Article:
Online game companies need to be more socially responsible for over-addictive use of their products to avoid government intervention, according to a new study by Cardiff, Derby and Nottingham Trent universities.
The study, in the journal Addiction Research and Theory, was led by Dr Shumaila Yousafzai of Cardiff Business School with psychologists Dr Zaheer Hussain and Professor Mark Griffiths from the University of Derby and Nottingham Trent University respectively.
While conventional videogames have an ending, or may become boring and repetitive, Massively Multiplayer Online Role Playing Games (MMORPGs) are an inexhaustible system of goals and success, in which the character becomes stronger and richer by moving to new levels while accumulating treasures, power and weaponry.
In recent years, the problematic use of online videogames has received increased attention not only from the media, but also from psychologists, psychiatrists, mental health organisations and gamers themselves.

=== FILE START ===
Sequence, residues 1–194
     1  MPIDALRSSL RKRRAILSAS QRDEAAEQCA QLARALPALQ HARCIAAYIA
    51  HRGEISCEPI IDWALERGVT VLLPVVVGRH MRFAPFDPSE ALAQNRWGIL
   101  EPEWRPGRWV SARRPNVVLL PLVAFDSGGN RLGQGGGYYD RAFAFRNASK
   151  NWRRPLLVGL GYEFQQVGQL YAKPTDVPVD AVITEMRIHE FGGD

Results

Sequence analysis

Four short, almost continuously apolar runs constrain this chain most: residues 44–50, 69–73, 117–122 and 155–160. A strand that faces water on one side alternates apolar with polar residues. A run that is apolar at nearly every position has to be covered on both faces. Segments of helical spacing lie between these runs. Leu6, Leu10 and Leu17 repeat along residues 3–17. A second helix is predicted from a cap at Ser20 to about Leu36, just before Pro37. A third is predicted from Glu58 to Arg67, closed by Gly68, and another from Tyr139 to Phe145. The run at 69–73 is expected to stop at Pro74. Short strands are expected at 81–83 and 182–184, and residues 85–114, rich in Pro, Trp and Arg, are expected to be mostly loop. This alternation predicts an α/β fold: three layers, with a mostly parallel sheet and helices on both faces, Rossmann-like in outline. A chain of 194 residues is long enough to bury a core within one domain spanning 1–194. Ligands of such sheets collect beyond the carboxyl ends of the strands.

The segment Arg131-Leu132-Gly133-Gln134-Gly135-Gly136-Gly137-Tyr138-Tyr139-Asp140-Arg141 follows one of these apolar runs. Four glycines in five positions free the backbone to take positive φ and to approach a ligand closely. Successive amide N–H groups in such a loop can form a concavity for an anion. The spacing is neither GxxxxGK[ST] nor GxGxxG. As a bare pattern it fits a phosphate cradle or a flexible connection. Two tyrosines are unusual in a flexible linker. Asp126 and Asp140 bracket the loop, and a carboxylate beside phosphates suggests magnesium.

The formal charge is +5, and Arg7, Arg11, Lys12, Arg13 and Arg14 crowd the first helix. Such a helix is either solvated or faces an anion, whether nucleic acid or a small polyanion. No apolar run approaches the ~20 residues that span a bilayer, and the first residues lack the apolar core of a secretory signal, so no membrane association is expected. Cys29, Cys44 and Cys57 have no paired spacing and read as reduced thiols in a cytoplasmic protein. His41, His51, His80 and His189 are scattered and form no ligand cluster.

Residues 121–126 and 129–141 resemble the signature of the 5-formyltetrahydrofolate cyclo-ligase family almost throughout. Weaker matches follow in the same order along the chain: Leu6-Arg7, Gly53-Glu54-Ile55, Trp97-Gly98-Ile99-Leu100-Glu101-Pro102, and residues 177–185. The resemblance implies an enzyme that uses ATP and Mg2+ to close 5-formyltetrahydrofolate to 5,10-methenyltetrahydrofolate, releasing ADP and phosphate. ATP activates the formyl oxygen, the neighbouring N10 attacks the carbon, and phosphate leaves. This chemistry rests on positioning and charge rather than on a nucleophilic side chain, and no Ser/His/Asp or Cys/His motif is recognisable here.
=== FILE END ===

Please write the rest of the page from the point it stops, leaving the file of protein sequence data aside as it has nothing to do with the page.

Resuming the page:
A number of studies from different cultures are providing evidence that around seven to 11% of gamers seem to be having real problems to the point that they are considered pathological gamers. Some are reported to have been playing for 40, 60, and even near 90 hours in a gaming session.
Dr Yousafzai said: "The warning messages on the loading screens of popular online videogames raise the question of why the online videogame industry warns its players not to overuse their product. Does the videogame industry really believe that their products have addictive features that can lead to negative consequences and the functional impairment of gamers' lives? These warning messages also suggest that the online videogame industry might know how high the percentage of over-users is, how much time gamers' spend playing, and what specific features makes a particular game more engrossing and addictive than others. While they do not directly a
|Contact: Victoria Dando|